The unverified stories of children who have died due to severe emotional and sensory deprivation, despite being fed and medically cared for, strengthen the idea that one can die from a lack of love. However, if we look more closely at the historical and personal human experience, we find that it is not necessarily a lack of love that kills, but rather a lack of meaning, or purpose.
It is hard to believe that the detainees of Sighet, the Soviet-era prison which I visited recently, experienced some kind of love during the years of torture, misery, and indescribable hatred they endured there. They may not have had a single moment of love, but there was something that kept them alive and made them withstand the inhumanity. It was the meaning. They were there for a cause and they were happy and blessed to still be suffering for a purpose, having the happiness of others in mind.
One can die because of a lack of love, even when being well taken care of.
The great and most primordial question on the lips of every human being who has ever set foot on this planet is not whether or not they are loved—although love is a deeply human need and a cause of many of today’s forms of suffering. The big question is: What is the purpose of my existence on earth? Does anyone enjoy my presence, do I make someone happy, do they need me, do I have a place reserved in people’s lives, a work that only I can do for people, for the happiness of those around me? Simply put, do I have a who and a what to live for?
According to Viktor Frankl, the weak and powerless prisoner survives the Nazi camp not because he has a disabled girl at home who loves him, but precisely because the love he has for her is the only way she can survive. He thus becomes necessary, even irreplaceable, in this relationship. Being loved is therefore not a purpose in itself, but only the confirmation that, somewhere, you can make someone happy.
The most crushing suffering
They say loneliness is deadly, and apparently, it is. However, it is not loneliness that is the deadliest curse in a person’s life, but futility in loneliness. Futility makes loneliness deadly. Even the love shown to you feels like pity when you experience the feeling of uselessness. Long years of loneliness and abandonment could not kill Richard Wurmbrand and countless others like him, not because loneliness is not deadly, but because their loneliness had important meaning and was secretly linked to the happiness of the people for whom they were suffering.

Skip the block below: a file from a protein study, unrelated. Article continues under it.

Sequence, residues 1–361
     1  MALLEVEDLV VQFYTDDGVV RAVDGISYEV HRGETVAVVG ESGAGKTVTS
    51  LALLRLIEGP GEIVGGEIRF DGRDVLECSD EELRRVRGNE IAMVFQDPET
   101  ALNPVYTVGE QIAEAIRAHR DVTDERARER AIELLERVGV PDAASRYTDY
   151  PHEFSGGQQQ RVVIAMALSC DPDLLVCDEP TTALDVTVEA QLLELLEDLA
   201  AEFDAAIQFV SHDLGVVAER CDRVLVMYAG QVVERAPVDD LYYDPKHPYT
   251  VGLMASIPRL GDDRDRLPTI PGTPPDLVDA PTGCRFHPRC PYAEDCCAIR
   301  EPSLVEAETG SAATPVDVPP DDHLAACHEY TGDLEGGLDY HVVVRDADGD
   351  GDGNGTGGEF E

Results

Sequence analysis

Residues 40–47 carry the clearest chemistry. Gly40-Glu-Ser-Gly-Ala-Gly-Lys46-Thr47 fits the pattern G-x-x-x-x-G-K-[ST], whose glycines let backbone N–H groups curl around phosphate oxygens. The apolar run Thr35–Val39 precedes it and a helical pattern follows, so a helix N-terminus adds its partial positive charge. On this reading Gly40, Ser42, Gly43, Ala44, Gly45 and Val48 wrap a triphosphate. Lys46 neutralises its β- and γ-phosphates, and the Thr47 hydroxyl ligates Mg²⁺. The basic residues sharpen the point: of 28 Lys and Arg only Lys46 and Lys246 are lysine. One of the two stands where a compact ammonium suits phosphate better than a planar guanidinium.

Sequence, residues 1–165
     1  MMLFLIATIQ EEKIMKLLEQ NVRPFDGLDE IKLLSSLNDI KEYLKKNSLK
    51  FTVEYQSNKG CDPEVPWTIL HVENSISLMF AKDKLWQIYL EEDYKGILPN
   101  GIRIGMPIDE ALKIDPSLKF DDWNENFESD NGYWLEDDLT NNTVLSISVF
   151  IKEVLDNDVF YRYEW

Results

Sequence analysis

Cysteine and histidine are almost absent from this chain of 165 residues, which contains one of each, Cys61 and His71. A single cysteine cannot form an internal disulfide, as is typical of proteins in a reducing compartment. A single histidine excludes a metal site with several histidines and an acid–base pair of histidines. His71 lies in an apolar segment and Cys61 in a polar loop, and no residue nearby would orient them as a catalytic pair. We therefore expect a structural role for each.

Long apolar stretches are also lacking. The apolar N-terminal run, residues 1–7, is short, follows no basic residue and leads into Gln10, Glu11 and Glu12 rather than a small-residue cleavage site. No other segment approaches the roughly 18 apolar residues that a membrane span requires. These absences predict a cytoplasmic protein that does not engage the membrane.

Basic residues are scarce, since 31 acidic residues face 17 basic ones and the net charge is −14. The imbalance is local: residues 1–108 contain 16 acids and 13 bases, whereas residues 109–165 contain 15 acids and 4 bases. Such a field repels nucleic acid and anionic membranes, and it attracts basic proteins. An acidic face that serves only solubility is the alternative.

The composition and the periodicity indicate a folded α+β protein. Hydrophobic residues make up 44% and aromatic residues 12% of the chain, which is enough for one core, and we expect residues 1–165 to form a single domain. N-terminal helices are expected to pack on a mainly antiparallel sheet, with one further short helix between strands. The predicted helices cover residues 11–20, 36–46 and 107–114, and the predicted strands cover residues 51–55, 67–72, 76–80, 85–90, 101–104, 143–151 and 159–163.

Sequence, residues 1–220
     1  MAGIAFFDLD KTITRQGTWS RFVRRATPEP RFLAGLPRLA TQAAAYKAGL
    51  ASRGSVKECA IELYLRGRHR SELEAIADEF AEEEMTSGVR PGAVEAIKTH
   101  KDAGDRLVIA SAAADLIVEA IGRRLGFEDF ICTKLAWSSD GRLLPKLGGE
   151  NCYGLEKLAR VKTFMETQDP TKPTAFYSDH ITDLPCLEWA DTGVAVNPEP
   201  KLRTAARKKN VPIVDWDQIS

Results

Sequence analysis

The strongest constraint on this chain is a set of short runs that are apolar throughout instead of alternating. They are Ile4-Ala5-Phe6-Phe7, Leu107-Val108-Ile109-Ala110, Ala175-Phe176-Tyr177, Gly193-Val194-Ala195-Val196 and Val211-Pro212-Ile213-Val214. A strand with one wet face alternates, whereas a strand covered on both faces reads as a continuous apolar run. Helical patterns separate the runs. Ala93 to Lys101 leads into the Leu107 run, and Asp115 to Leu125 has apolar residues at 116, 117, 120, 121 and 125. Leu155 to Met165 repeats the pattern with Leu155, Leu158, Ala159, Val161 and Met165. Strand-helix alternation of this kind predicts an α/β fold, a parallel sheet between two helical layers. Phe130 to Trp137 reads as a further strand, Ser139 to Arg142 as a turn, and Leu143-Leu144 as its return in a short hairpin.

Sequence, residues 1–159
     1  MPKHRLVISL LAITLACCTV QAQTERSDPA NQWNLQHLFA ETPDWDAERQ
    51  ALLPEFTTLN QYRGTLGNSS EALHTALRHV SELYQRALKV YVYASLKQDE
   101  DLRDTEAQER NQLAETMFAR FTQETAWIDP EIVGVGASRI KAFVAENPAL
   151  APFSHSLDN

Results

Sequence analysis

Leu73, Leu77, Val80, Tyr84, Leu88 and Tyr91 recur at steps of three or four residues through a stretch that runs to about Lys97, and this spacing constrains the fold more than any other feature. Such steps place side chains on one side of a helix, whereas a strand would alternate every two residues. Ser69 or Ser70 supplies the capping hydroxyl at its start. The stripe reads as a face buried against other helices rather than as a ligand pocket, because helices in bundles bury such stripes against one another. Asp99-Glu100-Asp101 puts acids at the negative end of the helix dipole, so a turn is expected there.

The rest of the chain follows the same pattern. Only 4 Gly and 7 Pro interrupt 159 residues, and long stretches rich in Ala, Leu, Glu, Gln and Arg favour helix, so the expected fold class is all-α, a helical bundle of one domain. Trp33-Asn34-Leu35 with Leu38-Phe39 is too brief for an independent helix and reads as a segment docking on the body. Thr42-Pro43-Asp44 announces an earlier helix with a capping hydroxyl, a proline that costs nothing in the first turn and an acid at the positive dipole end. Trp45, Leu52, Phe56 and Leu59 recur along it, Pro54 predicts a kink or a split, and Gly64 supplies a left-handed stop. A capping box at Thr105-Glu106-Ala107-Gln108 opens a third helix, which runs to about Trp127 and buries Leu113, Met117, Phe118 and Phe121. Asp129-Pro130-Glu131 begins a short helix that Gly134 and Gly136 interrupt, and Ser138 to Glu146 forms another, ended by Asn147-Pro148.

The people “the world was not worthy of” endured this frightening loneliness and, miraculously, survived. This was not because of any special ability they possessed, but because of the purpose and meaning behind their loneliness.
When, through your suffering or even death, you fight against the suffering and death of your loved ones, the meaning of your suffering or death changes radically.
Therefore, the great question of life is not centred around comfort, but purpose. Why, and for what purpose, am I here? What is the purpose of my existence or struggle? Are the actions I take justified and convincing? What are the fruits and intentions of my sweat or suffering? John the Baptist never wavered in the face of Roman swords and spears, but he wavered like a “reed swayed by the wind” in the face of the hideous shadow of uselessness he felt within the cold, damp walls of the prison.
In loneliness and apparent oblivion, the feeling of futility raises doubts not only about yourself but also about the wisdom and love of God. Doubt begins to wander like a beast of prey: “Are you the one who is supposed to come? Or should we look for someone else?”
People who are full of life and success in their work wither, and in many cases die, when they retire or when they are removed from their jobs. Uselessness kills more surely than any other suffering. Children grow up discouraged and intimidated if they don’t understand that their lives are useful, desired, and cherished, and that they make someone happy. The feeling of uselessness hastens the end for the countless people who believe that death is the only place where they can hide from it.
People were not created to be useless, and therefore they cannot survive the poison of becoming obsolete.
Degradation is even more profound when it comes to deliberate uselessness. It is classified as a parasite and is seen as a plague, but it is, in fact, a severe form of self-punishment, a deplorable self-mockery, and suffering accompanied by an indescribable misery of the soul, which often leads to suicide. The scale of the phenomenon has reached alarming and unimaginable levels.
The solution to the situations that “have no solution”